Landcorp has plans to double the six dairy farms it currently operates on WPL Central Plateau land to the north of the Wairakei geothermal area.
At $3-$4/tonne for international carbon credits, land owner Wairakei Pastoral has decided to push ahead with farm development over clear-felled forest land, some of which has lain fallow during the first Kyoto commitment period.
Landcorp is contractually bound to develop farming infrastructure on this deforested land and expects to do so on about 4500 hectares between 2012 and 2015.
Some 6000ha was developed before the programme was halted at the end of 2007 and the partners want to do another 6000ha in short order.
Landcorp chief executive Chris Kelly said smaller areas out of forest adjacent to the existing farms would be done first, so as milk production could be expanded through existing facilities.
Then larger areas would be tackled, requiring new farm dairies.
The difference between 6000ha in total and 4500ha in farmland represents some tree replanting, he said.
When the Kyoto Protocol on Climate Change came into effect in 2008 and New Zealand developed an Emissions Trading Scheme (ETS) to assist our obligations, the price of carbon credits was around $20/tonne.
As around 1000 tonnes of credits are required for each hectare of mature forest which is not replanted, the dairy farm development cost was prohibitive, at $20,000/ha, Kelly said.
The actual work requires around $10,000/ha, for the stump clearing, land shaping, fencing, irrigation and pasture sowing, while building races, yards, dairy and housing also.
Landcorp and WPL are waiting on the Government to introduce “offsetting” to the ETS and Kyoto, which would mean that new tree plantings elsewhere could substitute for clear-felled and redeveloped land.
However, the price of internationally traded carbon credits has fallen so low as to prompt WPL to purchase credits and finish what it started.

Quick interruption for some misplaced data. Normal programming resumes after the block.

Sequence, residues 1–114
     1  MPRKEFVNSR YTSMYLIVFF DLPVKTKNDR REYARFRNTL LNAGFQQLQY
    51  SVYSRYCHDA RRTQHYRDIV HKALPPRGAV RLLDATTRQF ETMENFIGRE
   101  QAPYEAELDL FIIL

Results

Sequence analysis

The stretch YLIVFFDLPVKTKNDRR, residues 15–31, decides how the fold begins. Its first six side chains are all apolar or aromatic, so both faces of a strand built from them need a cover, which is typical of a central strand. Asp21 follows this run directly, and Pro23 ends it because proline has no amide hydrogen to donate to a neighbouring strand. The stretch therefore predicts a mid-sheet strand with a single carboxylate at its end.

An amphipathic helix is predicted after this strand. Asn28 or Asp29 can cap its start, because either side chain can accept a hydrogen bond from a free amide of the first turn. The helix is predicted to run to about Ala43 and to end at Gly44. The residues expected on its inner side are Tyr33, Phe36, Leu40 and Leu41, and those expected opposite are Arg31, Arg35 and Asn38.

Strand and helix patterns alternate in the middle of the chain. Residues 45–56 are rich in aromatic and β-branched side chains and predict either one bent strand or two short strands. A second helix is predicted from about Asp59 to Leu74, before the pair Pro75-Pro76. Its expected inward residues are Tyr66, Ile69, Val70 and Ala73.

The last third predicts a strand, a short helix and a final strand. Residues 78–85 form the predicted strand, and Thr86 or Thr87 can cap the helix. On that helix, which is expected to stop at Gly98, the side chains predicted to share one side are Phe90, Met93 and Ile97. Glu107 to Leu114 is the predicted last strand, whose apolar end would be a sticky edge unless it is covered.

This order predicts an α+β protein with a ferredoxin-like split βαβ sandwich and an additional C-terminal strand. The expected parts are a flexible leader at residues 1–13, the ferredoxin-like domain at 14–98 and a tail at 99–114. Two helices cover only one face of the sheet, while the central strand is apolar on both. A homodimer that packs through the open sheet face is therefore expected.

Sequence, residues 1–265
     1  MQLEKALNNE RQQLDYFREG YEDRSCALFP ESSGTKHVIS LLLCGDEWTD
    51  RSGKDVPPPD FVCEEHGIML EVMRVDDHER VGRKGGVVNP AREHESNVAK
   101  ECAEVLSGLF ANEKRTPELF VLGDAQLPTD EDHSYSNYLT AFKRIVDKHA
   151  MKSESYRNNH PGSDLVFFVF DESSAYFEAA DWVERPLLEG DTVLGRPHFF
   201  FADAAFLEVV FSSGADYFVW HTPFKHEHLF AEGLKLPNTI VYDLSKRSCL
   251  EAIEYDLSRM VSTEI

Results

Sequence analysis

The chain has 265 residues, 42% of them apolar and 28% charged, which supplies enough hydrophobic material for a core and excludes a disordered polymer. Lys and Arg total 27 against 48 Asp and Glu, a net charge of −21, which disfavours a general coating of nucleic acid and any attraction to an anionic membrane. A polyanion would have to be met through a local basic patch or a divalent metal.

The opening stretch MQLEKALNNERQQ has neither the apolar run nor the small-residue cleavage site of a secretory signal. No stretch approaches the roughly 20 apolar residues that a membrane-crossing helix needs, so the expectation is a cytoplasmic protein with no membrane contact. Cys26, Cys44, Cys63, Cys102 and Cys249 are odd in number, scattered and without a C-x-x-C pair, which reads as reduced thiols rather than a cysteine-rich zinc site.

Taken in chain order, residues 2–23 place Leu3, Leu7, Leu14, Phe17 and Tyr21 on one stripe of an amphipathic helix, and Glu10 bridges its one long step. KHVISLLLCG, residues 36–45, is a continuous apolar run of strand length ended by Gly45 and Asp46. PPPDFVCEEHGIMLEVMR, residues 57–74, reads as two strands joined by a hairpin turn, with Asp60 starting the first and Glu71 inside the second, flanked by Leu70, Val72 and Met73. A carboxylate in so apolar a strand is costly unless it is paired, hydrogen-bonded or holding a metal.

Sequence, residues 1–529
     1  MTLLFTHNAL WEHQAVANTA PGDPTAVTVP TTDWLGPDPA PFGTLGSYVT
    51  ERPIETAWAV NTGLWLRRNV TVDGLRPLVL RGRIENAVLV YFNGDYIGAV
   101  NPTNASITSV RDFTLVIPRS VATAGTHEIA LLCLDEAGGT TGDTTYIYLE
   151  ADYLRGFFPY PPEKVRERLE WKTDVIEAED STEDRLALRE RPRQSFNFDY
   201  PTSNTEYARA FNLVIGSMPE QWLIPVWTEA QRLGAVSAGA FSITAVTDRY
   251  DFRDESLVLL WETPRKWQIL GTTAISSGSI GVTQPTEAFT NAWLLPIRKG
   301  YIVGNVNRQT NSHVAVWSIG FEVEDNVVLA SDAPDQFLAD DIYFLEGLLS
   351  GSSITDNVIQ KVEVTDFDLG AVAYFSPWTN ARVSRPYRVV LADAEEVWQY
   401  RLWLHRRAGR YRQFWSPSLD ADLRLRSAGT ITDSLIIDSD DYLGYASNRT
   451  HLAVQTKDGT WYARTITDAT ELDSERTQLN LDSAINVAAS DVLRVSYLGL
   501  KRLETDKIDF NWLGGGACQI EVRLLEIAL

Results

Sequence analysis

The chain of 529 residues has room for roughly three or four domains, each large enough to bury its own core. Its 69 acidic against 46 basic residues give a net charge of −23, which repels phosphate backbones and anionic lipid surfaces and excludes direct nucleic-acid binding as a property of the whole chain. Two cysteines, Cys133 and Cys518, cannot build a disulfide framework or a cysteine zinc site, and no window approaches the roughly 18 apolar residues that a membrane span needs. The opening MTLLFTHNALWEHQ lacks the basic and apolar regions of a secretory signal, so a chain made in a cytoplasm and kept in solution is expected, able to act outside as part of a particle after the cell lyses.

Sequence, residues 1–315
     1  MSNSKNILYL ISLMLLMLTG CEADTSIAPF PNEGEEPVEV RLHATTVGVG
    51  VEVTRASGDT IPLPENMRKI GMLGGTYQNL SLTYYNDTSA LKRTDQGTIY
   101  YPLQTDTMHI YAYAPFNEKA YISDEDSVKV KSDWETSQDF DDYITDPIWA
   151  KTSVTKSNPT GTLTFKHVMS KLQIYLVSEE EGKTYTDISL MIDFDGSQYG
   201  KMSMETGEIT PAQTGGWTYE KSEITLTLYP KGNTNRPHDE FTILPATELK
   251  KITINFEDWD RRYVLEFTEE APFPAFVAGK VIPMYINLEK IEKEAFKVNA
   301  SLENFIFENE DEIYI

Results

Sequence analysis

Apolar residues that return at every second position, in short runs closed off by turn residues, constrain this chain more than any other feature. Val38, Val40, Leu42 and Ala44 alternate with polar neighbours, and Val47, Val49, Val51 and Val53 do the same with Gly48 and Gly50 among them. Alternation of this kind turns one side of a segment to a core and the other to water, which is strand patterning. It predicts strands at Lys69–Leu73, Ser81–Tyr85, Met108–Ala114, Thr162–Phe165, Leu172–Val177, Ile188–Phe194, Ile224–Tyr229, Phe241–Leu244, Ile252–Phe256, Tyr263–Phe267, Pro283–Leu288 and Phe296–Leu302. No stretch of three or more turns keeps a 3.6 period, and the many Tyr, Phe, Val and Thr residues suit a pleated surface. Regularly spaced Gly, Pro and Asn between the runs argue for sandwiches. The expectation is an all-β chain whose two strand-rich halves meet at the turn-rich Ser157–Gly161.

Digger work, land shaping, fertilising and sowing takes about 10 to 12 months from trash to pasture, Kelly said.
Sometimes the stumps can be taken away for burning in kilns, but mostly they are burned in windrows.
Kelly said the WPL directors – Trevor Farmer, Ross Green and Mark Wyborn – have taken an “intergenerational view” of the land use, going for the higher, better use for dairying.
Landcorp has a 45-year lease on the farms, which shows it will be a long-term farmer in that region.
Kelly said Landcorp would actually prefer to lease dairy farms (currently 10 out of its 52 dairy units nationally) because of the earning potential.
As the value of its land holdings (the lion’s share of Landcorp’s $1.5 billion assets) go up and down, the Crown cannot use that wealth elsewhere.
Larger annual dividends to the Crown come from operating dairy farms, not necessarily owning them, he said.
The Central Plateau is home to around 7000 dairy cows on the six existing farms, out of Landcorp’s 35,000 cows nationwide.
Another six milking platforms could carry a minimum of 11,500 cows, Landcorp said in its statement of corporate intent 2012-15, published recently.
That means when the former Crafar farms owned by Shanghai Pengxin also come under Landcorp management it could nearly double the number of dairy cows nationwide to 60,000.
In July Landcorp said it had produced 13.2 million kilograms of milksolids in the 2011-12 season, which made a major contribution to the forecast $27 million operating profit, of which $20m would go to the government as dividend.
So as to illustrate Kelly’s point about cash flow from leased dairy farms versus capital tied up, the Landcorp directors in July warned that total shareholder return (which brings in land and stock valuations) was now expected to be $8 million, $85m below budget.
They attributed that huge fall to static farmland values and declining livestock values.